5. I’m horse crazy. I’ve been obsessed with horses ever since I was very young. I used to hang pictures of them clipped from magazines and calendars on my wall. But growing up in the suburbs I didn’t get to encounter the real thing until I was nine years old and went to Horse Camp – a dude ranch where we got to trail ride (Western style) every day. I went to this camp for two weeks every summer until I was 15. When I was in my early twenties I began English riding lessons and soon became enamoured with Dressage. I competed as an adult amateur at the lower levels for a few years until I left University and moved to the States. I’d just taken up riding lessons again when I got married and pregnant and took a hiatus from lessons. I haven’t ridden since then but long to get back into it when I have more time. We don’t really have enough room on our property to properly keep a horse, but there are many boarding barns nearby and I dream of the day when I can one day ride again and take advantage of the amazing trails right on our doorstep. I’ve never owned a horse, a dream I’ve had since I was a very young child. One day I hope to fulfill that dream. Meanwhile, I still smile like an idiot and get all giddy whenever I see a horse – which is often now that we live in the country!
6. I suffer from vasovagal syncope. Which is a fancy way of saying that I faint easily. Over the last few years I’ve had some spectacular faints, often triggered by heartburn. I will also faint if I go too long without eating. Fortunately I can always tell when I’m about to faint and I lie down so I don’t do myself any harm. One time I fainted at home in the middle of the night after taking Benadryl but didn’t recover like usual. My husband had to call an ambulance and then wake my mother to come over and stay with kids so he could go with me. I fainted twice just getting onto the gurney. Being the scientist geek that I am, I kept asking the paramedics what my blood pressure and heart rate were, whether I was having any arrhythmias, etc. but they were busy trying to get me out of there and I was too busy passing out every few minutes to push the matter. I was trying to tell them that I’d taken Benedryl, but my husband grabbed a bottle of narcotic pain relievers left over from when my son was born by C-section (I hadn’t taken them since) and handed it to them. Being an urban hospital that handles a lot of drug abuse patients I couldn’t get anyone to believe my story of it being Benedryl until they finally did blood work and found no trace of narcotics. Meanwhile, the kids slept through the whole thing and Grandma brought them to see me the next morning, just in time for me to be released.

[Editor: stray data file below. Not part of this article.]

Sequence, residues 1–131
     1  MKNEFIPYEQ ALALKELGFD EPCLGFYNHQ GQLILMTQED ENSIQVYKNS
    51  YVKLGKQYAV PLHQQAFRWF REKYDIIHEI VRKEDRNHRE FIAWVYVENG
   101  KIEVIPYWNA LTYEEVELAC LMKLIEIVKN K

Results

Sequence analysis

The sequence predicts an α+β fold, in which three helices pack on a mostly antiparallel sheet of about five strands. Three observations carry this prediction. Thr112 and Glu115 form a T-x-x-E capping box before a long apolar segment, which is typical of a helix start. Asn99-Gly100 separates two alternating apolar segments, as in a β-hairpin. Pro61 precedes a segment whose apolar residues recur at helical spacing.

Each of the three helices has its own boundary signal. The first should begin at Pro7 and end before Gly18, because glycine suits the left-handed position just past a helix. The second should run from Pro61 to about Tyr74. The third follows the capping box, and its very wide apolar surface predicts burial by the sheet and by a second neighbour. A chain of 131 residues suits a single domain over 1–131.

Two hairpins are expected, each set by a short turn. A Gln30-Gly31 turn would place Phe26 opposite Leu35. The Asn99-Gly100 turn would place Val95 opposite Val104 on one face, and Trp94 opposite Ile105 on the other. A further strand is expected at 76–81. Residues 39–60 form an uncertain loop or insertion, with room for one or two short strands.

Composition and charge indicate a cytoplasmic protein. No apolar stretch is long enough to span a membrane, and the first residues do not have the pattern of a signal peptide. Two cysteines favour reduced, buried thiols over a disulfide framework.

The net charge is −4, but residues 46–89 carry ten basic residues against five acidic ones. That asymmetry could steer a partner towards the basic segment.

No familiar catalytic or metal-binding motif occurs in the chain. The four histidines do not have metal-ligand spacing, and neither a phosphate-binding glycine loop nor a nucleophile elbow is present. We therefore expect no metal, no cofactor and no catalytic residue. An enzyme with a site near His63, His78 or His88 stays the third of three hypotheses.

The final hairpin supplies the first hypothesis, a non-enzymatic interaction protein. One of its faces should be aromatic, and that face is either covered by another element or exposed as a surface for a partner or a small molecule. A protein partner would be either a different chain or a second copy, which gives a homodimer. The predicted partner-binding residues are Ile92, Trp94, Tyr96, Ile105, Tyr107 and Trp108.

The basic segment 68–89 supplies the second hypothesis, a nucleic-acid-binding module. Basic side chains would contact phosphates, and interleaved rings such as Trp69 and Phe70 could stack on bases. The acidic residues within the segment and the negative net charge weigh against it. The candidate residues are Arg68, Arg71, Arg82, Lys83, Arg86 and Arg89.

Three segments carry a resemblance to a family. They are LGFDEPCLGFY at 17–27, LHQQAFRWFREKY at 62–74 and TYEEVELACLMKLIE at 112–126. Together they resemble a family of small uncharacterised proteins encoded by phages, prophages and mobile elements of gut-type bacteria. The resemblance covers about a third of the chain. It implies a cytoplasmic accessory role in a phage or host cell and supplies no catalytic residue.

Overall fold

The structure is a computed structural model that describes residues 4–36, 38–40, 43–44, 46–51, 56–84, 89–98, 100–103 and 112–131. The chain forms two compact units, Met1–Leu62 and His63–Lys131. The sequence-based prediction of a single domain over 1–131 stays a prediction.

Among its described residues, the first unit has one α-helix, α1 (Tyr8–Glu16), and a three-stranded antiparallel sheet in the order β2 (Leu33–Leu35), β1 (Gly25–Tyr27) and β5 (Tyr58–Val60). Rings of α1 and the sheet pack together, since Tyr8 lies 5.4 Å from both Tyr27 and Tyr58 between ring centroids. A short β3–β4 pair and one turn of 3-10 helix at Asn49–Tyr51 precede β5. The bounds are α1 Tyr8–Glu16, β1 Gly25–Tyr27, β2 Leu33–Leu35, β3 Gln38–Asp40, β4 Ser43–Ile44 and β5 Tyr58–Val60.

7. I’m adopted. I was 10 days old when my parents picked me up from the hospital. I always knew I was adopted and I’ve never been interested in finding out who my biological parents are. All my mother knew she told me, which is that she was around 21 years of age and lived in Montreal, apparently coming out to Vancouver to have me. I’m not interested in learning about my medical history either – too much of a burden and I’d rather take comfort in living as healthy a lifestyle as I can and let Fate do the rest. On my birthdays my mother always used to remind me that someone else out there was likely thinking of me, which was always furthest from my mind. As a result of my situation I’ve never placed much emphasis on “where I come from” or what my heritage is, which never fails to puzzle my Croatian husband, for whom one’s heritage has much importance both politically and culturally.